To make the case that the climate models are off because they assume variations are not radiatively forced (in the 21st century), you would expect the climate model lines to look like the non radiatively forced line in figure 3. Of course, the plot also uses runs from the 20th century, which includes periods where the GCM variations were largely radiatively forced, so the result is somewhat muddled. Nonetheless, because the GCMs don’t match the non-radiative forcing line, and because they have a shape that is at least somewhat more similar to the observations than that line, it suggests that the simple model might be missing something in this lead-lag relationship that IS present in the GCMs. That brings it to the main issue that others have raised — are there any other physically reasonable models (e.g. those that include ENSO) that can reproduce the observations? My understanding is that Dessler 2011 focuses on whether GCMs are up to the task.
Now, with respect to the SB model and tuning, the equation seems pretty straight-forward, but with 3 major choices: 1) the depth of the ocean mixed layer, which determines heat capacity, 2) the choice of lambda (the feedback response), and 3) the choice of noise models for both the radiatively and non-radiative forcings. The figure below shows the 70% radiatively forcing, but with lambda and the ocean layer depth changed:
At first glance the tuning doesn’t seem to be much of an issue. The choice of ocean layer depth does not strongly affect the amplitude, whereas the sensitivity does…which is the point of the exercise. SB are trying to show that those models with high sensitivity (lambda=1) yield the flatter lines in the regression, whereas those with low sensitivity (lambda=3) get more amplitude, and more in synch with the observations. This perhaps explains why SB stratified GCMs in terms of climate sensitivity in their lag regression chart. However, as shown in the TF post, the GCMs don’t necessarily break down that way.
If the "simple model" with no radiative forcings could simulate the lagged signature of GCMs in the early 21st century, I think SB11 would have a much stronger case. As it is, the evidence presented in the paper leaves one wondering if there are other models with non-radiatively forced ENSO variations that can also explain the lagged signature.
However, just because I don’t find SB point #3 conclusive does not mean I necessarily agree with TF’s point #3. That clouds respond to ENSO does not mean they can’t result in the type of misdiagnosis that SB refers to, as I explained in a comment at the Air Vent:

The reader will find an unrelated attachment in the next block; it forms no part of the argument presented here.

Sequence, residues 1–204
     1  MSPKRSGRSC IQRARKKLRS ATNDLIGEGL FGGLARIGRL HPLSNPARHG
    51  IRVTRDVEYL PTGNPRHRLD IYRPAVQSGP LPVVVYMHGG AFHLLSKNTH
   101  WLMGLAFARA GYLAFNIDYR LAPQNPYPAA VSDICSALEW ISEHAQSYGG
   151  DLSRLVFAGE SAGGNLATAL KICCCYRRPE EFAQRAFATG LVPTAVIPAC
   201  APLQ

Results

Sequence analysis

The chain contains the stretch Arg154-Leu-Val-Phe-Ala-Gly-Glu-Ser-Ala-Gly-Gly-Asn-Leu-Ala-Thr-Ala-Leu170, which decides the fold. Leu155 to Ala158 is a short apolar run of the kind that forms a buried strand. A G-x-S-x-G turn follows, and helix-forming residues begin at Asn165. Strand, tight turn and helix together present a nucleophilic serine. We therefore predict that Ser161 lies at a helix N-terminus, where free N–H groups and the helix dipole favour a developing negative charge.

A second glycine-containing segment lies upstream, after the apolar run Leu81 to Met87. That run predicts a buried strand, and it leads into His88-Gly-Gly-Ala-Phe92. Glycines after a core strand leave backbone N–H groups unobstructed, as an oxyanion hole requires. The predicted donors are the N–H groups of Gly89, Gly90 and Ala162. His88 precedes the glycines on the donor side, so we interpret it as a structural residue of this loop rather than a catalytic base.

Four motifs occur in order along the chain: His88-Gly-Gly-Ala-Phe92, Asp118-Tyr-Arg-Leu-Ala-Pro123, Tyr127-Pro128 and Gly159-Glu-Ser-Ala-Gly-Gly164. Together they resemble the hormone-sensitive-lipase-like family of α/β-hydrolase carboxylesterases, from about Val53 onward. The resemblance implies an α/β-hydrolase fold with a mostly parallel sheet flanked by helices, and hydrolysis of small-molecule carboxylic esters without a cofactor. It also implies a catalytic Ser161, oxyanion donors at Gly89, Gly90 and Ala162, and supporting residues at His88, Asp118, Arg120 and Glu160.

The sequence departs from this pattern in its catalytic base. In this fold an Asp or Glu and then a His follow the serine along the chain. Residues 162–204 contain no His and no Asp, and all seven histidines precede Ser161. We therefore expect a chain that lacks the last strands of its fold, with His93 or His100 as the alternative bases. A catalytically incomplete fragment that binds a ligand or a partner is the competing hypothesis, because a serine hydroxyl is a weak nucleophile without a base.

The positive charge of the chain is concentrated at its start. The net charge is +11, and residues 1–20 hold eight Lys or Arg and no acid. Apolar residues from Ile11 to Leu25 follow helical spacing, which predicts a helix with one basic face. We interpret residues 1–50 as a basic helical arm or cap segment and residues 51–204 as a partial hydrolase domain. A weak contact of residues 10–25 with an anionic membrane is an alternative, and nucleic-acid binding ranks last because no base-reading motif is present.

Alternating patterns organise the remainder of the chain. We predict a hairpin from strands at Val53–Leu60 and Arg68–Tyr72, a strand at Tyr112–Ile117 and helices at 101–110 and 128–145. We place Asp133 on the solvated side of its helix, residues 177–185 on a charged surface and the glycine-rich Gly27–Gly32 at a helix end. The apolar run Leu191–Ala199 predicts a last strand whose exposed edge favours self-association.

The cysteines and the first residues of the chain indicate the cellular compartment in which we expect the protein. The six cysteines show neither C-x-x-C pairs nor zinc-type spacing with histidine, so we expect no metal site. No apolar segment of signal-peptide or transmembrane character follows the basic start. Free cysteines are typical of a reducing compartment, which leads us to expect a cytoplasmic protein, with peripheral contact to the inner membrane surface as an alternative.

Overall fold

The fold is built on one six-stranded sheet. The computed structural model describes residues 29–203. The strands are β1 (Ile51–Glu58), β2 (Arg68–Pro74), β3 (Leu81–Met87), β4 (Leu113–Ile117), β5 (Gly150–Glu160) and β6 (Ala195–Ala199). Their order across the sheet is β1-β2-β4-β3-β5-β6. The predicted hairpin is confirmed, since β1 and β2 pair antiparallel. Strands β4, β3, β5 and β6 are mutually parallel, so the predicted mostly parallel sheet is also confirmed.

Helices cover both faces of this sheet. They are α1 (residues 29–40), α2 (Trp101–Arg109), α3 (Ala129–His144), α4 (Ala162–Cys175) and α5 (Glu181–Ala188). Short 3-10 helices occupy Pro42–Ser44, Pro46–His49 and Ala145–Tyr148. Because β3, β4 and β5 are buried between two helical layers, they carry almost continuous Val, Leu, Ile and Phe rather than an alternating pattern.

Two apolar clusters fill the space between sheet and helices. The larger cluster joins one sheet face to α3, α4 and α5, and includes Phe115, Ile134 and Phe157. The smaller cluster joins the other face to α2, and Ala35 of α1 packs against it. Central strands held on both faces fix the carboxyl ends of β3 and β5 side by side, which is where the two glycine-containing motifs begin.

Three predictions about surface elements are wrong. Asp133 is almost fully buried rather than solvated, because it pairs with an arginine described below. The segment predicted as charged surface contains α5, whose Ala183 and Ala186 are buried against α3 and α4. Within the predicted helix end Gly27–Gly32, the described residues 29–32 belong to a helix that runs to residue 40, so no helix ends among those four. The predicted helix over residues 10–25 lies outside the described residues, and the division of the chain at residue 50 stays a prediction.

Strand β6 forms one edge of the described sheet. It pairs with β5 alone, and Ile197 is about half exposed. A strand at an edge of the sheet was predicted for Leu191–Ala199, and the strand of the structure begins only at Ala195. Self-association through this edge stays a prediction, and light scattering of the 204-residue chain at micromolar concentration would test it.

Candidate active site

Consider the hypothetical scenario where winds associated with El Nino blow clouds in a specific region from over an area of low surface albedo to one of high surface albedo, thus creating a downward positive flux anomaly of X over what we would expect otherwise. Now, at the same time a global temperature increase, dT, has occured due to El Nino, causing a radiative feedback response of Y.
What we are trying to determine is the radiative response to the temperature increase, or Y/dT. But we only have the TOA flux measurement, which, since X and Y are in opposite directions, will be equal to TOA = Y – X. So obviously the (Y-X)/dT will be an underestimate, depending on the size of X.
Now, you can label X whatever you want, as it may be driven by ENSO. But X is not a response to the temperature increase of ENSO (which is what we care about WRT CO2 sensitivity), and causes an underestimate of the actual response to temperature if it is unknown or ignored.
This point seems to be missed amid all the arguments over the definitions of "forcing" or "feedback". And yet, if this “raditively forced” portion from clouds is indeed tiny, it won’t make much of a difference. From what I gather, Dessler 2011 dives deeper into the particular analysis of what percentage of the variation is radiatively forced. I’m looking forward to seeing what comes out there, hopefully in another post.
As always, any comments explaining what I have wrong here are appreciated.